How do the Buddha’s followers view environmental activism? I asked Ajahn Sona where the suttas provide a scriptural foundation for his views. He replied: “The suttas which most contribute are loving-kindness suttas which advocate care and concern for all living beings. This means one must take care not to harm others inadvertently by pollution, negligence, or callous indifference to their support environment.”
This is not just Birken’s idiosyncratic initiative. Birken is one branch of a network of 35 Theravada monasteries around the world. Ajahn Sona has consulted with all of them regarding practical advice on ecological and energy efficiency topics. He regularly offers his accumulated experience to other abbots, particularly in cold climates in the US, Canada, and Europe.
This experience is freely offered to the wider public as well. As Ajahn Sona notes: “We happily provide public information on our website and full tours of our energy structures on YouTube, and each year or two we add new information as we continually progress and upgrade. We are happy to provide that resource and information. Perhaps not strangely, monks have a long historical record of non-harm to the environment and frugality in their lifestyles.”
I would like to live in a world in which Buddhist communities are in the vanguard of sustainable ecology, degrowth, and sanity. If the joy I feel in encountering such communities is the result of their actions in that regard, then truly the power of metta is there for all to see.
But enough of the emotional. Let’s talk dollars and cents.
When Birken Forest Monastery was established 20 years ago, prices for solar panels and batteries were very high, and they could only afford a few kilowatts of solar energy. But this paid itself back in savings on the diesel generator. The plain fact is that it is far too expensive to have an off-grid operation exclusively on a generator, and whatever solar costs, it is less than diesel or propane. As each decade has gone by, solar has dropped by 50 per cent and is now a tenth of the cost that it was. This year, Birken’s plan is to install 10 times the amount of their first installation, and for not much more than the price of their small original array of photovoltaics. Batteries also have improved immensely, moving from lead acid to modern, maintenance-free lithium batteries that perform radically better than the early technology. These new batteries are still expensive, but again they are more economical than operating a diesel generator. Anybody living in the year 2020 who endeavored to go off-grid could do so far more cheaply and with greater abundance than Birken was able to do over the past two decades. Alternative energy is heading in the right direction.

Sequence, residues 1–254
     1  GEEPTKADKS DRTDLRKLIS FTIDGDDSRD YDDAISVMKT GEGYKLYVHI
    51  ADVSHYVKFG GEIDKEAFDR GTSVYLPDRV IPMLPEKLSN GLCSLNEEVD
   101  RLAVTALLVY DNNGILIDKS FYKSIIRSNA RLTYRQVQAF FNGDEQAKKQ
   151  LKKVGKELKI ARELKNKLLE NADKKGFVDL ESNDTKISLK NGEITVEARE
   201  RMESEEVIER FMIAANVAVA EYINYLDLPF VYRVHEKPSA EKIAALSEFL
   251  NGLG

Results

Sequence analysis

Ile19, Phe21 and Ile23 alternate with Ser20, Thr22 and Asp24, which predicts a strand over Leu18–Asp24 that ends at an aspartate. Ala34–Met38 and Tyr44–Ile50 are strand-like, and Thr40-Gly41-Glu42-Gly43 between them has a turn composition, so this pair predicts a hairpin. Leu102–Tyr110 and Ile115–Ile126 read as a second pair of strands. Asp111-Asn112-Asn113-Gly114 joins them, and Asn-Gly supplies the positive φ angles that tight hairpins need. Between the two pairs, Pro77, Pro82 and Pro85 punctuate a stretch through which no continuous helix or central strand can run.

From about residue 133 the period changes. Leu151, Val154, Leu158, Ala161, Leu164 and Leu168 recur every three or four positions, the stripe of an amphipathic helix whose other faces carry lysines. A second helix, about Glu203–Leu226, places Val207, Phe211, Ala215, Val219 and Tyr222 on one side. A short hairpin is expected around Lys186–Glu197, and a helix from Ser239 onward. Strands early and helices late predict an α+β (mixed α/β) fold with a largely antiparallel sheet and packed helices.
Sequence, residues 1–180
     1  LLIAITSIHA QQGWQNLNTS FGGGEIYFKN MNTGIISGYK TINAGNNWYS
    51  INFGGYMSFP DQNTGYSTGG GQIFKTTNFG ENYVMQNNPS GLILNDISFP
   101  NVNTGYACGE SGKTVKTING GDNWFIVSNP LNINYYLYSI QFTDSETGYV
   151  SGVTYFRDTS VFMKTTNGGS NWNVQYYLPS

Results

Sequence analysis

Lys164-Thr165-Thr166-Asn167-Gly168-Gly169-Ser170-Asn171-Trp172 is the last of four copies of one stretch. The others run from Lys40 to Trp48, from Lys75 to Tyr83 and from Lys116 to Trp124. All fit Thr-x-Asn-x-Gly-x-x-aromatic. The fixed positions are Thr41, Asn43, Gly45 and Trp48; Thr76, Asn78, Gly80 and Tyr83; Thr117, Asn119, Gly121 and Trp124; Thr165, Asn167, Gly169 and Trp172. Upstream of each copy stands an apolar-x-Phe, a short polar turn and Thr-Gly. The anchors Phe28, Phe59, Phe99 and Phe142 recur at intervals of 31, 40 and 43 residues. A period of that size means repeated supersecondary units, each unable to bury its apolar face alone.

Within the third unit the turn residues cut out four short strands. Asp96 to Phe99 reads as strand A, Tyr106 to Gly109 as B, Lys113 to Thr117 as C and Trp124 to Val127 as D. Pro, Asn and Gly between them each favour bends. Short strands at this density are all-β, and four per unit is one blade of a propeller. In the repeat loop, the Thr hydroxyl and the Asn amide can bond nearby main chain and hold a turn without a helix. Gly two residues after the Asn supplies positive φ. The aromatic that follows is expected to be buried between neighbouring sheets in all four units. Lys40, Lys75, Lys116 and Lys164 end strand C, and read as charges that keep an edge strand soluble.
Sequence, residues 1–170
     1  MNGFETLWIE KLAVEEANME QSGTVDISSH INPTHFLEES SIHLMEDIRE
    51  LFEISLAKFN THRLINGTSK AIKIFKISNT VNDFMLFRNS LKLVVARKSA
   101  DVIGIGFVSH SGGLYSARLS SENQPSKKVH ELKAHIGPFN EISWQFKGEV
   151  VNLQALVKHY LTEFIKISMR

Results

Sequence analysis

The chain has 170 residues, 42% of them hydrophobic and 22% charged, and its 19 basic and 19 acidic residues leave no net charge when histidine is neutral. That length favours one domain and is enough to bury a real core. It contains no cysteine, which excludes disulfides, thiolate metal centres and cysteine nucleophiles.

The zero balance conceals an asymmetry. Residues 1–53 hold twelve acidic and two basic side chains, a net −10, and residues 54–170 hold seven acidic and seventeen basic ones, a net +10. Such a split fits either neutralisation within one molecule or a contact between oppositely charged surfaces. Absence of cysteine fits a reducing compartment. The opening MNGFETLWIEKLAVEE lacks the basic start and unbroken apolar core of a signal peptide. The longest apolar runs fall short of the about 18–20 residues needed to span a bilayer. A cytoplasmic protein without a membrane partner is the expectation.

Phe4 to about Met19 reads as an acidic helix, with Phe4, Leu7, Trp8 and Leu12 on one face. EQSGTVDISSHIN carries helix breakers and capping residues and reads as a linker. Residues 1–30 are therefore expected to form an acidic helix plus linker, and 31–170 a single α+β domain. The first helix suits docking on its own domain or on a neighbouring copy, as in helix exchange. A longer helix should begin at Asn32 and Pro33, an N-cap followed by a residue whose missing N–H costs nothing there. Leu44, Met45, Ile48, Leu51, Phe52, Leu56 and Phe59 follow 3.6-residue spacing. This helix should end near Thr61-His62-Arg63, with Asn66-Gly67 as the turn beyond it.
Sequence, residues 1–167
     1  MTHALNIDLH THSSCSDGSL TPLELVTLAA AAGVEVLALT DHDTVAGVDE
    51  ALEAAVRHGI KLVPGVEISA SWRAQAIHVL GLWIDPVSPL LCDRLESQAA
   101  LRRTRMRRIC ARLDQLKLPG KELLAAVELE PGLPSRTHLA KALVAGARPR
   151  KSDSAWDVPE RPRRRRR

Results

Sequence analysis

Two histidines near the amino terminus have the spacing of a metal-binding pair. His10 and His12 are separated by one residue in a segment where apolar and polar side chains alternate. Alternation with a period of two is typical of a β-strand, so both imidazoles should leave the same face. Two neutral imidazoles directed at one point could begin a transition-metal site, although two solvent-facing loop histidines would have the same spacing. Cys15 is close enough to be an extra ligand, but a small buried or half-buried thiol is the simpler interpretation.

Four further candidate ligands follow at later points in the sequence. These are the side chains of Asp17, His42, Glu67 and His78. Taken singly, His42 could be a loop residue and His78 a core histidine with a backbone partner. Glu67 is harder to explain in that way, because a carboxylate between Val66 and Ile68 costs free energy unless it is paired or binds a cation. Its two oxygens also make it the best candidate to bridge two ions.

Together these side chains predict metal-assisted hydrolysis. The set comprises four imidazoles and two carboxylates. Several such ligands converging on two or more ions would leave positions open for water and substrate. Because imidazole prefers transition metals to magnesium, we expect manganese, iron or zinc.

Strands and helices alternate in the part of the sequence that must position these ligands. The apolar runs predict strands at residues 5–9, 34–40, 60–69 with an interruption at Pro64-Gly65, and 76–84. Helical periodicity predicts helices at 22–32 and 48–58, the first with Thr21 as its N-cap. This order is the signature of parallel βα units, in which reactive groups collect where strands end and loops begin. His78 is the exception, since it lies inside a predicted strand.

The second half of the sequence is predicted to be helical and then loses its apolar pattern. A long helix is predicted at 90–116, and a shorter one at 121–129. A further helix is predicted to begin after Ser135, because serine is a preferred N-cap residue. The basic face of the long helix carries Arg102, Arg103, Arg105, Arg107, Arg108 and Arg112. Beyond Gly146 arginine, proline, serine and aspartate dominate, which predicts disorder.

So I asked where they got the money.
Ajahn Sona: “I think it is a very sympathetic project. Most people in Buddhist communities would be delighted to donate to alternative technologies for power production. This could take the form of solar panels, heat pumps, and electric vehicles. That is how we have done it. All of these processes have been done strictly by donation and by people who particularly think it is a good use of donations for our alternative energy.”
Okay, so if money is not a barrier, is there perhaps some unique skill Ajahn Sona possesses that allows him to accomplish this complicated feat? I asked: “Was it all volunteers from within your sangha—not just the doing, but the research, planning, and number crunching?”
Ajahn Sona: “Primarily it is me, the abbot. I have taken a great interest, and strangely for someone with just high school level mathematics, I have delighted in learning about the economics and physics of these new technologies. I regularly contribute to green energy websites, sharing my experience with others and encouraging them.”
The rationale is not complicated. Birken Forest Monastery’s annual energy budget is about 10 per cent of their total income and they are happy to pay it. They have put enormous care and research into reducing their carbon footprint through insulation, careful design of buildings, and low energy appliances. Many of these projects required upfront funding but the benefits extend over many decades. In short, they have maximized their economic situation and at the same time maximized their efficiency.
The wider spiritual and ecological benefits of their action, however, are priceless.
* Open the house, close the door (Macleans)